DEC 2013

EyeWorld is the official news magazine of the American Society of Cataract & Refractive Surgery.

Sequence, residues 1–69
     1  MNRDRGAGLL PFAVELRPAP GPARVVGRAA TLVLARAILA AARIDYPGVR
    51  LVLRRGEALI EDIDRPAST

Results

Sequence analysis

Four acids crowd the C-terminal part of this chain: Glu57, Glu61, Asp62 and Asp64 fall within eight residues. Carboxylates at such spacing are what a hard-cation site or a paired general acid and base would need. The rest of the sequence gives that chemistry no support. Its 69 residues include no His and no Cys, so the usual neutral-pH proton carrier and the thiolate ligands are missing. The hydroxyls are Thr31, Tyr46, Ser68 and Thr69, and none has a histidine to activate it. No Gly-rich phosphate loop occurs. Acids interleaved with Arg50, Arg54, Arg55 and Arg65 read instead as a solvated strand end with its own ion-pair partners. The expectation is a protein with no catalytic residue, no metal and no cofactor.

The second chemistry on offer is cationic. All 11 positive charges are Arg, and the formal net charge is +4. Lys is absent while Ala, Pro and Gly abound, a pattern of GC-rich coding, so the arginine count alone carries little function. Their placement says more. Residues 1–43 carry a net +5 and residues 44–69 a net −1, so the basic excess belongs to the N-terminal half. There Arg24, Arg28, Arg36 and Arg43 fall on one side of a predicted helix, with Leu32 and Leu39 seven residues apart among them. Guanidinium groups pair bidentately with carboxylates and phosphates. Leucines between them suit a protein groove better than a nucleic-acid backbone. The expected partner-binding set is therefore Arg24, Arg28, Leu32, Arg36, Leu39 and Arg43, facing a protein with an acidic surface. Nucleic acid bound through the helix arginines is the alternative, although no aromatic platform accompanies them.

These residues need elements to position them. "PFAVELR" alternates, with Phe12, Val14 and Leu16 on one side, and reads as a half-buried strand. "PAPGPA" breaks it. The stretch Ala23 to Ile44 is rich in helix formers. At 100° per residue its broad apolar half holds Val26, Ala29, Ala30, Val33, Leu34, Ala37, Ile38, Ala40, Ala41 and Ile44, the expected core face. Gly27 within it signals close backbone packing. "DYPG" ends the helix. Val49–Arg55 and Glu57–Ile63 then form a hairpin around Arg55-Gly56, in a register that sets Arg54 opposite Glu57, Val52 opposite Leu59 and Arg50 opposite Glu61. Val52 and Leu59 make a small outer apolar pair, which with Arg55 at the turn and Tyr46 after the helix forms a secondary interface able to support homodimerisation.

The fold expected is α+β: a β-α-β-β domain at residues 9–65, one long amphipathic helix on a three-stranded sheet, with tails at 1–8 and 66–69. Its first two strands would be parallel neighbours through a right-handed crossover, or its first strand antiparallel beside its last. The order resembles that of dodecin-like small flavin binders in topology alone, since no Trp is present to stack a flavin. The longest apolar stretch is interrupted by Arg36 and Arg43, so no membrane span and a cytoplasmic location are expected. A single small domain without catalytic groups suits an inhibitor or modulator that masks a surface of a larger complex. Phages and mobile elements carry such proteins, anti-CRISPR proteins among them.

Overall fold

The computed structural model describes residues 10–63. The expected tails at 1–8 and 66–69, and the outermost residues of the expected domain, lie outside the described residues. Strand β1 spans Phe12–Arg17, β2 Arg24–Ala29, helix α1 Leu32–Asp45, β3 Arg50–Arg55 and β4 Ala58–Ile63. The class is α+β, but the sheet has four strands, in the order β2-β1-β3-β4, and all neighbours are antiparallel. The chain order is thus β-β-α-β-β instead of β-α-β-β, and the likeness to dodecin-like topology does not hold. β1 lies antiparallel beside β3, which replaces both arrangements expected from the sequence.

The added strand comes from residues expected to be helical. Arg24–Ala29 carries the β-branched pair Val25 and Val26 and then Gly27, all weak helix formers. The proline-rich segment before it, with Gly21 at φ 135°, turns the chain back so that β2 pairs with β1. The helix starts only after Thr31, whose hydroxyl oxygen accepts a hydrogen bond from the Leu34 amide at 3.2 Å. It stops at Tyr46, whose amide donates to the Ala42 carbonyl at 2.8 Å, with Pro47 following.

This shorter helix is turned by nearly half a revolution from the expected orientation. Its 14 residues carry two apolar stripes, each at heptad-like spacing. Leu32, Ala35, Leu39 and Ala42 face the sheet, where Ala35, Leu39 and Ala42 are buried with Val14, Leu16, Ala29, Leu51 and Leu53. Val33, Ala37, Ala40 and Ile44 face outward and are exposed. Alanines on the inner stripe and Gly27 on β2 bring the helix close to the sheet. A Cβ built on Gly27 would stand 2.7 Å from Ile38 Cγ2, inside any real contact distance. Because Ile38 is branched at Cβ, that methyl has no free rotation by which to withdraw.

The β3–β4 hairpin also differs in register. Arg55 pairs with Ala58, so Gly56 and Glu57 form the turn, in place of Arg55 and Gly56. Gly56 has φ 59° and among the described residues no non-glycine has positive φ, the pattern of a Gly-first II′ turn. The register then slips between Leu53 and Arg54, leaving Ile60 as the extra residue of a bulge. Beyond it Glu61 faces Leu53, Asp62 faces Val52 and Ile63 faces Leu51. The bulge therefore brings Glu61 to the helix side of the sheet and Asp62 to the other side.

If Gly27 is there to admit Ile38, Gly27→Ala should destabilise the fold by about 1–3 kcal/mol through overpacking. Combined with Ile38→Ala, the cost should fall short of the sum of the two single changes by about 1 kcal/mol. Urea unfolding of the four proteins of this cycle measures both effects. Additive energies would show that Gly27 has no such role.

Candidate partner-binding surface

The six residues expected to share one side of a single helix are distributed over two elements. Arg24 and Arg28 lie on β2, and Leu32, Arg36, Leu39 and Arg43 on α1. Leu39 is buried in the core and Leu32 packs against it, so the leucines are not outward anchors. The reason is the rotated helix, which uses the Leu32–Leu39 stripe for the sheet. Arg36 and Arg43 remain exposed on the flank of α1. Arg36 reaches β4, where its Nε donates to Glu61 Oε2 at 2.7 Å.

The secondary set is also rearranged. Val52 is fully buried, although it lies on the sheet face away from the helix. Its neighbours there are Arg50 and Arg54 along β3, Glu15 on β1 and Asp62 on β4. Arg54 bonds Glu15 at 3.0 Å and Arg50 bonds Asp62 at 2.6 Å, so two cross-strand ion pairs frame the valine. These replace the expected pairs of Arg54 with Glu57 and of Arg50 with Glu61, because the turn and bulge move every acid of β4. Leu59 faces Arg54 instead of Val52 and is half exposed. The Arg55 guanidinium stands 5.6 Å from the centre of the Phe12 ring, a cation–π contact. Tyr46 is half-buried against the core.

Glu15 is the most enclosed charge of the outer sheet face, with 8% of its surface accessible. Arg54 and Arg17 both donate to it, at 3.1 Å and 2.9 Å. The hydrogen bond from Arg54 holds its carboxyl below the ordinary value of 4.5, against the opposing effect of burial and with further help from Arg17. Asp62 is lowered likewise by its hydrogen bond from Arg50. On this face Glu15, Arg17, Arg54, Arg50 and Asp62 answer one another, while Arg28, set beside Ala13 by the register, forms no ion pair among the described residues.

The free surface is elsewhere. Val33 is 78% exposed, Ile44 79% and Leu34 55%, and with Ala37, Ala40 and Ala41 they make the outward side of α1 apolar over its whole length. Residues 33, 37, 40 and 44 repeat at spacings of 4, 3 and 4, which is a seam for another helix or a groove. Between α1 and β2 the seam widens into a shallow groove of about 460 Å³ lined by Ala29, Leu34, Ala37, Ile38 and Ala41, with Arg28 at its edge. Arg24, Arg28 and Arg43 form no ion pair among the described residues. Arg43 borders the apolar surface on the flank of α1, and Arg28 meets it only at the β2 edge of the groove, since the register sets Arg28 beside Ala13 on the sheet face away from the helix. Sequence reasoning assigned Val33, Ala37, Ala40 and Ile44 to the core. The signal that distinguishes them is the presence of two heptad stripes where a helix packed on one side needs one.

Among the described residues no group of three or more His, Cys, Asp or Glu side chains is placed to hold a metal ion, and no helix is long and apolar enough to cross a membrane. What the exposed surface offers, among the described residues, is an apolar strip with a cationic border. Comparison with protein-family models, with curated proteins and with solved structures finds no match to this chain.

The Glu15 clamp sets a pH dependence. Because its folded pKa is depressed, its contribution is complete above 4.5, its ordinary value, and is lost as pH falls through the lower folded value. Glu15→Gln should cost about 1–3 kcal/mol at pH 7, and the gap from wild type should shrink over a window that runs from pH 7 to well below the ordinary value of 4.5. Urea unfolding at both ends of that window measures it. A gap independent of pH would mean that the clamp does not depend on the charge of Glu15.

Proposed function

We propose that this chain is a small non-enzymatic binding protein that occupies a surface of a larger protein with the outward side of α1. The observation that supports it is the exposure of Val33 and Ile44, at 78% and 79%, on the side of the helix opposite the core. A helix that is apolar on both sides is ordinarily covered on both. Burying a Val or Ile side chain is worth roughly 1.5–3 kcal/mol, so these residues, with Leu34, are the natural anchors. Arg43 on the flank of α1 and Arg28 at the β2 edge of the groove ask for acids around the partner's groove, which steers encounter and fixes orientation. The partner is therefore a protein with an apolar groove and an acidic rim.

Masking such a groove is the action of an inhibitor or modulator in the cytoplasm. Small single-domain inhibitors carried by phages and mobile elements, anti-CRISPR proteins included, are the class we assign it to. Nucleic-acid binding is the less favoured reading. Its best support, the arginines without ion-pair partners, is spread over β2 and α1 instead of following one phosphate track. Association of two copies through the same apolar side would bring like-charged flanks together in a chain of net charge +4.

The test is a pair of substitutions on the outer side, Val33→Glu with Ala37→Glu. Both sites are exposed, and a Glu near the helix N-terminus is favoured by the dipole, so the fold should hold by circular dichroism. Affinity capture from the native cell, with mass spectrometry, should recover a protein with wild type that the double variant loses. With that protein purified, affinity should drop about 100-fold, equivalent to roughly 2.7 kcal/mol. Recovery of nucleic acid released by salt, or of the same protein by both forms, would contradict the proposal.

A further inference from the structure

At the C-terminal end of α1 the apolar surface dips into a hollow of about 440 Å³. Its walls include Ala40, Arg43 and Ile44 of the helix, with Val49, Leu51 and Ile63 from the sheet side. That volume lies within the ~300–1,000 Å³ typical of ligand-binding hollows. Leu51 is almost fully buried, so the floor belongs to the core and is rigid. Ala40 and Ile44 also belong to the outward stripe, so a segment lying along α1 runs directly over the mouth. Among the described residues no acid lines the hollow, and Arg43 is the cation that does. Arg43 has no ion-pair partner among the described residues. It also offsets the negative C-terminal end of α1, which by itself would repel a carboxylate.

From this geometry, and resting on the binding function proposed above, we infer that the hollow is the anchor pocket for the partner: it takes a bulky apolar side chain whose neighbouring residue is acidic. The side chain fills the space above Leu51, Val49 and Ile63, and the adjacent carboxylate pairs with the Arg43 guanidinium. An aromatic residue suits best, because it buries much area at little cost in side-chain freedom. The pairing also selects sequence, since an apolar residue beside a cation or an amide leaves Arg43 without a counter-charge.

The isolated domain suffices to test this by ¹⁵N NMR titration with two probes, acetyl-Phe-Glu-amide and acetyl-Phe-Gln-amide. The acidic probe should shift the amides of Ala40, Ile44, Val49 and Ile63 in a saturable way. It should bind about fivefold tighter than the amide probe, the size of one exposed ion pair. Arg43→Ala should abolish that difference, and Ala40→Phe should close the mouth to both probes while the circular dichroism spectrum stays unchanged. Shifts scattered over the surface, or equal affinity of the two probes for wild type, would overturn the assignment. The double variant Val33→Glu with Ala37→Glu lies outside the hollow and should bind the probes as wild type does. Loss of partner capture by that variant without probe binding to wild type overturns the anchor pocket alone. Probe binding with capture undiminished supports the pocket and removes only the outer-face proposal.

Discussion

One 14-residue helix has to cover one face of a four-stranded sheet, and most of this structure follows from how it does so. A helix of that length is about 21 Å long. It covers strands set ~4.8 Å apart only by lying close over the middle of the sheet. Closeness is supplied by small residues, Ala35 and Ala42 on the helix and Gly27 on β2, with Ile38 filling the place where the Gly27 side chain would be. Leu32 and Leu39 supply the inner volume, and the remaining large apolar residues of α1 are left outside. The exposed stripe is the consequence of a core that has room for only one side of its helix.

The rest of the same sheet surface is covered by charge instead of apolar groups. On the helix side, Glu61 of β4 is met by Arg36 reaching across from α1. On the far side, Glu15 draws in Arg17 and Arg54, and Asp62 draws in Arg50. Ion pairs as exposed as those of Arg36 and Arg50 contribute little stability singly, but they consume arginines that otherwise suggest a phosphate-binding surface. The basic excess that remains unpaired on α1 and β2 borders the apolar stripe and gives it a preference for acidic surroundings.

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42 EW FEATURE February 2011 2014 December 2013 What's ahead in Vanguard Ophthalmology Society and a focus on two members by Ellen Stodola EyeWorld Staff Writer John Berdahl, MD, and Elizabeth Yeu, MD, are two founding members of the group for young, forward-thinking ophthalmologists AT A GLANCE • The Vanguard Ophthalmology Society was formed in 2009 with the idea to facilitate collaboration between some of the future thought leaders in ophthalmology. • Dr. Yeu was an original member of the society and has experience in both private practice and working with an academic institution. • Dr. Berdahl is currently the secretary of the Vanguard Ophthalmology Society and was a founding member. He is working with a number of new technologies in his practice. T he Vanguard Ophthalmology Society brings together key thought leaders in the field who are in the early stages of their careers. The collaboration facilitates discussion on new techniques, technologies, research, and other topics. George Waring IV, MD, FACS, assistant professor of ophthalmology and director of refractive surgery, MUSC Storm Eye Institute, and medical director, Magill Vision Center, Charleston, S.C., discussed being an original founding member, specifics of the society, and other key members in the group. Background The society, Dr. Waring said, was established in 2009 with 10 original founding members. The idea was to Monthly Pulse T he topic of the December Monthly Pulse survey was "What's ahead in 2014." EyeWorld asked members about their views on professional ophthalmic organizations. The majority of respondents (66.2%) felt it was very important to belong to a professional ophthalmic organization, while 26.5% found it somewhat important, 4.6% were neutral, and 2.3% and .5% found it not very important or not important at all, respectively. As for the continuing education provided by these organizations, 67.7% found it very useful, 26.3% found it somewhat useful, 3.2% were neutral, 2.3% found it minimally useful, and .5% found it to not be useful at all. Other hot topics for 2014 will be posterior corneal astigmatism and femtosecond laser technology in cataract surgery. For the former, EyeWorld asked members to define their understanding of posterior corneal find leaders in the young ophthalmology community "who represented the future of ophthalmology [and] to unite them to help foster and develop the advancement of our specialty through innovative thought sharing," Dr. Waring said. This included discussing topics related to research and development, future medical and surgical therapeutics, diagnostics and everything from devices to practice development, ethics, and philanthropy. With the 10 founding members, the group came together to establish society values and initiatives, as well as a mission statement "of promoting excellence and advancement in ophthalmology through a collaboration of future leaders in our field." The Vanguard Ophthalmology Society has now grown to more than 20 members, with a few new members elected each year by unanimous decision. "Part of the selection process is that it's geographically diverse and diverse in terms of practice patterns," Dr. Waring said. "We have people from top private practices in large groups, we have people from top private practices who started their own, we have [people from] top academic centers, but they're from all around the country." The Vanguard Ophthalmology Society primarily focuses on anterior segment surgery including cataract and refractive procedures, as well as glaucoma, cornea and external disease. The group makes a point to meet several times a year, with one standalone annual Vanguard Ophthalmology Society meeting and separate meetings at the ASCRS•ASOA and AAO annual meetings. The society is not only facilitating discussion and interest from those within the group but from industry as well. "It's unified all of us and there's strength in numbers," Dr. Waring said. "But with the diverse interests and backgrounds, there's a tremendous wealth of information internally but also available to others, and we've all taken the responsibility to help guide the future of this industry, like our mentors are doing now and did before us." The group is targeted to those in the first part of their career—doctors who have been in practice for less than 15 years after completing all training. Once a member has been in practice for 15 years, he or she would effectively become an alumni of the group and help bring in the next generation. Dr. Waring said there are several initiatives and focuses that those in the Vanguard Ophthalmology Society have recently been looking into, including analysis of IOL outcomes, therapeutic drug studies, and collaborating with existing societies. He noted that advanced technology devices are of particular interest to those in the group. "A lot of us are Keeping a Pulse on Ophthalmology astigmatism (PCA), and the results were mixed. A majority (47.0%) responded that they do not have the equipment to measure PCA but think it would be useful to have, while 7.9% said they don't have the equipment and don't think it would help them in practice. Thirty-three percent of respondents said they measure PCA and find this information useful, while 12.1% said they measure PCA but don't think the information is useful. As for femtosecond for cataract surgery, 40.8% of respondents said that they don't intend to use the laser for cataract surgery in the foreseeable future, but 26.1% plan to use one in the next three years and 16.1% plan to use one in the next 12 months. Seventeen percent of respondents are already using the technology.

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